Dr Gregory Chaitin, one of the world's leading mathematicians, is best known for his discovery of the remarkable O number, a concrete example of irreducible complexity in pure mathematics which shows that mathematics is infinitely complex. In this volume, Chaitin discusses the evolution of these ideas, tracing them back to Leibniz and Borel as well as Gödel and Turing.
This book contains 23 non-technical papers by Chaitin, his favorite tutorial and survey papers, including Chaitin's three Scientific American articles. These essays summarize a lifetime effort to use the notion of program-size complexity or algorithmic information content in order to shed further light on the fundamental work of Gödel and Turing on the limits of mathematical methods, both in logic and in computation. Chaitin argues here that his information-theoretic approach to metamathematics suggests a quasi-empirical view of mathematics that emphasizes the similarities rather than the differences between mathematics and physics. He also develops his own brand of digital philosophy, which views the entire universe as a giant computation, and speculates that perhaps everything is discrete software, everything is 0's and 1's.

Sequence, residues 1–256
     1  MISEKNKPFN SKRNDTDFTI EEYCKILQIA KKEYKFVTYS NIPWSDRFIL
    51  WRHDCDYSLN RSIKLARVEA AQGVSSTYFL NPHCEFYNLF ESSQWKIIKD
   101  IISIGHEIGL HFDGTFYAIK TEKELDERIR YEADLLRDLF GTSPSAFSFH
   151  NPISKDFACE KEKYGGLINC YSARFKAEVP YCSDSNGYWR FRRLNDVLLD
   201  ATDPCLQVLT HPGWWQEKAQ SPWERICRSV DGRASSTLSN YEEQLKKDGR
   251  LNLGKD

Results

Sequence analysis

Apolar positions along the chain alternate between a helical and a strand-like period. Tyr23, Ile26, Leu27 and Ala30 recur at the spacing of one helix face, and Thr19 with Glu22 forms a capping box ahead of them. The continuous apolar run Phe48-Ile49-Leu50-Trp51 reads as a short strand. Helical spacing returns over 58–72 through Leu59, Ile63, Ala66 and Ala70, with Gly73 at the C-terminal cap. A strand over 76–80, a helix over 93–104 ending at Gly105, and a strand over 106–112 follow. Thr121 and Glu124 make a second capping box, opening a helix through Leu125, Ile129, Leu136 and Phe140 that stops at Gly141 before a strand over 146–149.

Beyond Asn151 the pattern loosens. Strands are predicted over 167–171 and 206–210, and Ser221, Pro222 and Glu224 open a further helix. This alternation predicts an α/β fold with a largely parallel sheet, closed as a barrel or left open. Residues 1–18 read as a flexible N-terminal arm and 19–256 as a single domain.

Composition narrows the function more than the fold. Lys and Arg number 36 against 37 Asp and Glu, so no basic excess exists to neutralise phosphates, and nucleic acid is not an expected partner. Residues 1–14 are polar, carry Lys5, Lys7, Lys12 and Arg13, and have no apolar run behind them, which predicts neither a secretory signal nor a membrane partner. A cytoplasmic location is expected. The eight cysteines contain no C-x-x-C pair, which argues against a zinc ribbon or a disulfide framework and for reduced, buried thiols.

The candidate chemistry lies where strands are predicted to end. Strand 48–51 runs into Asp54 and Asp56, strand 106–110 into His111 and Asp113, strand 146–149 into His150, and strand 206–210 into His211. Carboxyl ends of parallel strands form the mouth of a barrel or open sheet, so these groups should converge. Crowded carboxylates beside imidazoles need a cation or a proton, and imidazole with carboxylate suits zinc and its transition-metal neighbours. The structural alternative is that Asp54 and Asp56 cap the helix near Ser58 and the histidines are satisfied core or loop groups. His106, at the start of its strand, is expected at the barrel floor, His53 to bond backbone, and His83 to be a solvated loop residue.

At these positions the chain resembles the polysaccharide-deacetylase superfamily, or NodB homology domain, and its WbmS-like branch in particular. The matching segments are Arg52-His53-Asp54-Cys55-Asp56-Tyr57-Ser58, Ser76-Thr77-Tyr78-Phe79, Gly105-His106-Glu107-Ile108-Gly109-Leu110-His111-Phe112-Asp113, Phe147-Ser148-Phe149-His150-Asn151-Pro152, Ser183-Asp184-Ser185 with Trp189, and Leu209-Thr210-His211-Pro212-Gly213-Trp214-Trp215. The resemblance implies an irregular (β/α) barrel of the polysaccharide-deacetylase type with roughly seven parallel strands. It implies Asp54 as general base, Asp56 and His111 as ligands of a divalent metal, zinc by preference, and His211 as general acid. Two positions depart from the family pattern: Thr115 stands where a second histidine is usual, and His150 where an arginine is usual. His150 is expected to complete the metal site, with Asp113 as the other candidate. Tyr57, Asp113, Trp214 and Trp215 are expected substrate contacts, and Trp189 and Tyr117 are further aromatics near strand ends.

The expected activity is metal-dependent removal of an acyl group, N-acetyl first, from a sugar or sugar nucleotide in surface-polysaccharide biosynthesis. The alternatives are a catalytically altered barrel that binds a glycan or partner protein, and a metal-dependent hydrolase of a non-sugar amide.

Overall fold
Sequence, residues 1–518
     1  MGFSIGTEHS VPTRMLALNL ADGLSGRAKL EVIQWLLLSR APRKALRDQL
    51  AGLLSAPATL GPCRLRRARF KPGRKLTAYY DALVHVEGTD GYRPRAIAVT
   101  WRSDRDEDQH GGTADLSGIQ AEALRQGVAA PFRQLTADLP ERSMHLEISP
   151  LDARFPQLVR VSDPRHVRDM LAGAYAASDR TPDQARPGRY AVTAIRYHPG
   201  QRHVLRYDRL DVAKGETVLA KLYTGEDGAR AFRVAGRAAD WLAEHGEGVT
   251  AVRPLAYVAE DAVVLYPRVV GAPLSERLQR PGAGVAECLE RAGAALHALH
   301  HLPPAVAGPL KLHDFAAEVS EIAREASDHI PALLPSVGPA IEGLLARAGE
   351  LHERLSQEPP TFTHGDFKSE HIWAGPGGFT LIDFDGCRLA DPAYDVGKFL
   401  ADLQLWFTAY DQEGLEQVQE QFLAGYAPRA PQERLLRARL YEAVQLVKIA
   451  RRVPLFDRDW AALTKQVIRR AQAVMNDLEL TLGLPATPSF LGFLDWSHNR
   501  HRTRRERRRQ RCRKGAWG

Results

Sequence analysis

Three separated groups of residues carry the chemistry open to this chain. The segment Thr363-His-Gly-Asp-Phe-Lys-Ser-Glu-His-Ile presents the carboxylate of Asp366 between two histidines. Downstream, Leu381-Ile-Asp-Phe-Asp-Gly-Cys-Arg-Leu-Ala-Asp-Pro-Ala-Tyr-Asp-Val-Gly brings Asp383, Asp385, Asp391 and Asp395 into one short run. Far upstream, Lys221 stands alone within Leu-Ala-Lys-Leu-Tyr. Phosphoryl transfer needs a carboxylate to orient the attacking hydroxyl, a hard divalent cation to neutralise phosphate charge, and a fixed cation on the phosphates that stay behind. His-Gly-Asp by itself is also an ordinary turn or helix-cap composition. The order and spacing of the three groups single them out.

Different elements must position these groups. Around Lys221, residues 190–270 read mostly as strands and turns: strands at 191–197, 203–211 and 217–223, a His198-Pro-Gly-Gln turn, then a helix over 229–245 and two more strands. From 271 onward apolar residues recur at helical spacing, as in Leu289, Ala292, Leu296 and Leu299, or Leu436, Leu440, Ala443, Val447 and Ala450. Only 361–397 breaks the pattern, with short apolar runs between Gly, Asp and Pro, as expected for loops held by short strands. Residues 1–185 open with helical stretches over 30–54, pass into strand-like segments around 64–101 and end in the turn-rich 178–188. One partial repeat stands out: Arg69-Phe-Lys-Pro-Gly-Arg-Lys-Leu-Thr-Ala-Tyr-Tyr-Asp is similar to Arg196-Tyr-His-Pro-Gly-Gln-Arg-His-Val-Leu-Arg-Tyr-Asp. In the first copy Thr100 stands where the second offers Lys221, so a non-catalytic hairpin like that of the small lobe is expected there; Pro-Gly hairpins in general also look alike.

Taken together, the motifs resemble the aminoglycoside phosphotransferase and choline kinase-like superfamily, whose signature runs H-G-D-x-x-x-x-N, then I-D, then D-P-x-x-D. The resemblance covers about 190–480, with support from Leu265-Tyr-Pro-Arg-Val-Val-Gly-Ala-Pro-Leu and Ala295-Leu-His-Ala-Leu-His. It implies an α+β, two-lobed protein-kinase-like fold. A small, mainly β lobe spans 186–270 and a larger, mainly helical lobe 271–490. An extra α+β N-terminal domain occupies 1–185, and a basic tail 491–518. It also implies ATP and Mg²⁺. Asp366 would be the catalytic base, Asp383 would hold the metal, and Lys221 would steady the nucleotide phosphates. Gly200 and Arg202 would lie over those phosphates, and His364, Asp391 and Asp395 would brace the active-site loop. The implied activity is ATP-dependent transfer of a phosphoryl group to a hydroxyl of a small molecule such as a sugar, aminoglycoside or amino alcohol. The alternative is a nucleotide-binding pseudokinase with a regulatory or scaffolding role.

Chaitin's fundamental mathematical work will be of interest to philosophers concerned with the limits of knowledge and to physicists interested in the nature of complexity.
On the Difficulty of Computations
Information-Theoretic Computational Complexity
Randomness and Mathematical Proof
Gödel's Theorem and Information
Randomness in Arithmetic
Paradoxes of Randomness
Complexity and Leibniz
The Limits of Reason
How Real Are Real Numbers?
Is Incompleteness a Serious Problem?
How Much Information Can There Be in a Real Number?
and other papers